An alternative to oral agents, intraurethral suppository entails the insertion of medication into the urethral prior to sex. The medication is capable of directly dilating penile blood vessels leading to erection. When effective, erection typically occurs within just a few minutes. This delivery system relies on the diffusion of the medication from the urethra (where it is inactive) into the nearby erectile bodies. Success rates are about 50 percent. The most common side effect is mild penile aching.
The most potent and direct delivery of vasoactive medication to the erectile tissue is achieved by direct injection. Termed intracorporal injection therapy, or simply penile injection therapy, this process involves injecting medication directly into the shaft of the penis prior to sex. Erection occurs immediately. The medications used for intracorporal injection therapy are potent vasodilators, and the effective dose for individual patients is unpredictable. Careful dose titration is necessary to achieve optimal results and to prevent priapism, a potentially dangerous prolonged and painful erection. Successful results can be achieved in 80 percent of patients.
An erection can be achieved mechanically in some patients through the use of a vacuum erection device (VED). This device combines a plastic cylinder or tube that slips over the penis, making a seal with the skin of the body. A pump on the opposite end of the cylinder creates a low-pressure vacuum within the cylinder and blood is mechanically drawn into the erectile tissue, resulting in an erection. To maintain the erection after the cylinder is removed, a rubber constriction band must be placed around the base of the penis. When the band is removed, the penis returns to a flaccid state. Success rates are variable.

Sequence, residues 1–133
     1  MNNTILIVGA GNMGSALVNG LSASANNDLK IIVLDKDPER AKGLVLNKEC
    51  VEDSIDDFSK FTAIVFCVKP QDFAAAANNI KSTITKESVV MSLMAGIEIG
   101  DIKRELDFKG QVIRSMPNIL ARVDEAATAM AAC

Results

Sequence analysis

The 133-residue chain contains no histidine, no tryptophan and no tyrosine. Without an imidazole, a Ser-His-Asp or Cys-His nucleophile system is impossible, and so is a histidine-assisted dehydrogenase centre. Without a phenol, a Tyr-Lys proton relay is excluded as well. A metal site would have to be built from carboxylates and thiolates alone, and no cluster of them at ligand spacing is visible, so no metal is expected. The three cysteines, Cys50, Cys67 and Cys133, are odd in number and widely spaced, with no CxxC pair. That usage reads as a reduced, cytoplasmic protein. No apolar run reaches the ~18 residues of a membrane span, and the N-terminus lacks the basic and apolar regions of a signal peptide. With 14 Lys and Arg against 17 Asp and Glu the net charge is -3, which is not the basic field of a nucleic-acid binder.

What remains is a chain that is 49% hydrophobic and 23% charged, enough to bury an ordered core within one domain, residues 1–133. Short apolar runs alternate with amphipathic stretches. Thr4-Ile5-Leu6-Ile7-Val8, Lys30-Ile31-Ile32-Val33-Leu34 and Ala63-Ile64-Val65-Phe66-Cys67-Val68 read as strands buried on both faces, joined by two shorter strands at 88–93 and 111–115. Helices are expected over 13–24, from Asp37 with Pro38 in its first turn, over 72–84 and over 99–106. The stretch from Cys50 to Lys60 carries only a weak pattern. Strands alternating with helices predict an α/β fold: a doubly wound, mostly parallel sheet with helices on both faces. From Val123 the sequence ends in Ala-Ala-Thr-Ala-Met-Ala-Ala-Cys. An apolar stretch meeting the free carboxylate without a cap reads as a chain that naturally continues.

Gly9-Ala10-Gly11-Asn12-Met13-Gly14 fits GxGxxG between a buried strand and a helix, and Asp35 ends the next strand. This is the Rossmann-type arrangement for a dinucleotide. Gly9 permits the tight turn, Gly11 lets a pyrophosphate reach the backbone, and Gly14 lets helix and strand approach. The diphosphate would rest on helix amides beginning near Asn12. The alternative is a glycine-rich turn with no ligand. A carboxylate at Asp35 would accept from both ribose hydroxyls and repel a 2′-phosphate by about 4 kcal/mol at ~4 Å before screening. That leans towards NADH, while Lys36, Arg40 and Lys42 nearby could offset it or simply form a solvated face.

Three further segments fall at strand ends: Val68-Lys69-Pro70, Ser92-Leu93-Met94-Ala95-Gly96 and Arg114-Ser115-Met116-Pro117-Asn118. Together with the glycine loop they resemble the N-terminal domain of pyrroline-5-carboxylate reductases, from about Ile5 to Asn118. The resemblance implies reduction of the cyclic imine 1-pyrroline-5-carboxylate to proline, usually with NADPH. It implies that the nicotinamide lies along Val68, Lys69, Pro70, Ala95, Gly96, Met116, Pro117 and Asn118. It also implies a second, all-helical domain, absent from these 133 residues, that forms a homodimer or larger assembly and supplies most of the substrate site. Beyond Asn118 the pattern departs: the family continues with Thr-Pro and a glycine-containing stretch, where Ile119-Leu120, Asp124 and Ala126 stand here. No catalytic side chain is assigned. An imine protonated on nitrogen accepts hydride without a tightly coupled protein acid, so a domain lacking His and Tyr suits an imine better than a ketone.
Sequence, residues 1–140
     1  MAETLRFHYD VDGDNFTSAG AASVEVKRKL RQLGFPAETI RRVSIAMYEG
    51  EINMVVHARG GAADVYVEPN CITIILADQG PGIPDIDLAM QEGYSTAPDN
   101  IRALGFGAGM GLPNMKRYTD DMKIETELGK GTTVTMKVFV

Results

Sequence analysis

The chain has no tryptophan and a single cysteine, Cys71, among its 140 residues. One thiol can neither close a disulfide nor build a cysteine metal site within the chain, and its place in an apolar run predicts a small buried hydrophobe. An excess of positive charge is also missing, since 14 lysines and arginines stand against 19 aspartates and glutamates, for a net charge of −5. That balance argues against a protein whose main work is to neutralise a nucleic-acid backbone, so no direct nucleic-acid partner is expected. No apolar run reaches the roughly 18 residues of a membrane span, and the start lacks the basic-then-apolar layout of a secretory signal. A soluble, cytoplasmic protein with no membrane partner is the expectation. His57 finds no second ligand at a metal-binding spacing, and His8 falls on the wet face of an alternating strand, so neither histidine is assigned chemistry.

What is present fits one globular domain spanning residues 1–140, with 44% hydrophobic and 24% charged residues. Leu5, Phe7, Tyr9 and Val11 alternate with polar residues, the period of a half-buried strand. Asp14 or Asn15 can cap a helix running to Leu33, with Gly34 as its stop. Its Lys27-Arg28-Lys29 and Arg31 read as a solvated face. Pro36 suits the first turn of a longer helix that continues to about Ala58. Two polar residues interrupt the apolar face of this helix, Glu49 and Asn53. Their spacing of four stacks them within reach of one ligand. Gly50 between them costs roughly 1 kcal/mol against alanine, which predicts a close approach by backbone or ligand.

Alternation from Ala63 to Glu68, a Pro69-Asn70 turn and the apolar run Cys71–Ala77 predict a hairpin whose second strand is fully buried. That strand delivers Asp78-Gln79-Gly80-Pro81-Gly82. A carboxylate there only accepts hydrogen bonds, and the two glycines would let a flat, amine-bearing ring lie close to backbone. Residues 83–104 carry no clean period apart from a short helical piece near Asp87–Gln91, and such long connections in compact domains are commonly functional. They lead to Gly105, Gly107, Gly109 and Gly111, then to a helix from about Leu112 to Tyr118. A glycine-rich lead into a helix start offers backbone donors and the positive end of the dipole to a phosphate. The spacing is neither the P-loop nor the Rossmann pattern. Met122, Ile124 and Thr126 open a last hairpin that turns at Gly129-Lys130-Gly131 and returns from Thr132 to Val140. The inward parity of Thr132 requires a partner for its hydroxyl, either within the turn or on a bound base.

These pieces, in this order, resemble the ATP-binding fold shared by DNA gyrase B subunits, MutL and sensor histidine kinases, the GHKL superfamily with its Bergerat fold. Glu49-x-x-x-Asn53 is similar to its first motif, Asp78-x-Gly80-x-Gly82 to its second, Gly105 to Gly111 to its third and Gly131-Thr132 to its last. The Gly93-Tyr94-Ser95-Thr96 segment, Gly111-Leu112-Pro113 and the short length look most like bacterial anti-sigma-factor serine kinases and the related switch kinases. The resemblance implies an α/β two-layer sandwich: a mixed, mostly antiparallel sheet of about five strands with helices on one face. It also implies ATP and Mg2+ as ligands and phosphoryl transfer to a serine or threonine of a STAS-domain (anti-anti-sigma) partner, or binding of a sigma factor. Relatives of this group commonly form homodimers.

Placement of an inflatable penile prosthesis (IPP) can provide a permanent solution to erectile dysfunction in appropriate patients. The placement of a penile prosthesis involves surgically replacing the erectile tissue of the paired corporal bodies with two inflatable cylinders. These are attached to a small reservoir of fluid which is hidden deep in the pelvis, and to a pump which is placed in the scrotum. The surgery takes 2 hours and patients are admitted to the hospital for 23 hours. Following discharge a healing period of 4-6 weeks is necessary before the device can be used.
The device functions by a simple transfer of fluid between the reservoir and the penile cylinders. In the flaccid state, fluid is held in the reservoir. By mechanically pumping the scrotal pump fluid is transferred from the reservoir to the cylinders and the penis becomes erect. The penis will remain erect for as long as desired. When the erection is no longer necessary, a release mechanism on the pump is activated and the fluid now transfers from the cylinders back to the reservoir resulting in detumescence.
Satisfaction rates for penile prosthesis of 90 percent are among the highest for both patients and partners. As with any surgery, there are risks. Infection rates are low at < 5 percent, however, an infection can be devastating and will likely require removal of the entire apparatus. The majority of device infections occur within the early postoperative period. Patients routinely receive intravenous antibiotics at the time of surgery, during their 23 hour stay, and are sent home on an additional 5 days of oral antibiotics. Device failure can occur with rates of about 10 percent at 10 years. A nonfunctional device can be replaced by repeating the surgical procedure; however, a nonfunctional device poses no risk to the patient and can be left as is.
All nonsurgical therapies for ED compensate for but cannot correct the underlying problem that led to the ED. Because the medications used for treating ED cannot reverse the underlying cause, the effectiveness of nonsurgical therapy may diminish over time. Therefor it is important to follow-up with your doctor and report on the success of your treatment. If your goals are not being reached, if your erection is not of sufficient quality or duration and you are still distressed, you should explore alternatives with your doctor.